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South Korea launches naval drills
Drills follow joint exercises with US in response to deadly warship sinking.
Last Modified: 05 Aug 2010 05:57 GMT
The drills will involve about 4,500 South Korean troops, more than 20 ships and submarines [AFP]

South Korea has begun naval drills off its western coast, aimed at strengthening its ability to counter military provocations from North Korea.

The exercises, held on Thursday, follow a joint military drill with the US last month off South Korea's eastern coast, and are set to run through to Monday.

The drills will include exercises in areas near the disputed western sea border, involving about 4,500 South Korean troops, more than 20 ships and submarines, and about 50 aircraft, according to the joint chiefs of staff.

Both exercises follow the deadly sinking of a South Korean warship in March that killed 46 sailors.

A five-nation team of investigators concluded in May that a North Korean torpedo sank the 1,200-tonne Cheonan frigate near the Koreas' western maritime border.

North Korea, which denies any involvement in the sinking, warned on Tuesday that
it will "counter the reckless naval firing projected by the group of traitors with strong physical retaliation".

Routine threats

The North had also threatened to respond to the South Korea-US military exercises with "nuclear deterrence'' but South Korean military officials said there has been no sign of unusual North Korean military activity.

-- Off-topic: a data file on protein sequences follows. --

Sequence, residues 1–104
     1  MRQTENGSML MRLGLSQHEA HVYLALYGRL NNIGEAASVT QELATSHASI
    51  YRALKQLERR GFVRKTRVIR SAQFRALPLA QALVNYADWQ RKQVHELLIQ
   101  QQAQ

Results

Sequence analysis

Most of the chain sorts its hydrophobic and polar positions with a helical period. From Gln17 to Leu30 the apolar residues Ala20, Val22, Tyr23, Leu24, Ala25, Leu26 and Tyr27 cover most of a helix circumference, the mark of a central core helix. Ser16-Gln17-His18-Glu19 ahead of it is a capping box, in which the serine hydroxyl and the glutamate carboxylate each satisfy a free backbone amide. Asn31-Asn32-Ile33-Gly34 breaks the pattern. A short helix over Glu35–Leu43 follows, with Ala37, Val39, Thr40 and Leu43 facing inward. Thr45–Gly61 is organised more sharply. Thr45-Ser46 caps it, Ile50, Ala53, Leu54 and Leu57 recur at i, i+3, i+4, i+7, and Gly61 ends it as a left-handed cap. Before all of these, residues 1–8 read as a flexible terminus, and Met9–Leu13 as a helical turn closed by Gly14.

in depth

 

Q&A: Tensions on the Korean peninsula
  Your Views: North and South Korea
  Video: S Korea urged to toughen stance
  Video: S Korea vows action over sinking
  Focus: North Korea, a state of war
  Background: China's Korean balancing act 

North Korea, which sees the drills as a rehearsal for an invasion, routinely issues such threats, especially when the South holds joint military drills with the US.

The US has 28,500 troops in South Korea to protect its longtime ally.

North Korea's military also warned on Tuesday for civilian ships to stay away from the sea border - the scene of deadly skirmishes between the two sides in 1999, 2002 and last year.

The western maritime boundary has long been a flash point between the two Koreas because the North does not recognise the border unilaterally drawn by the United Nations at the close of the 1950-53 Korean War.

The Korean peninsula remains in a technical state of war because the Korean War ended in a truce, not a peace treaty.

Source:
Agencies
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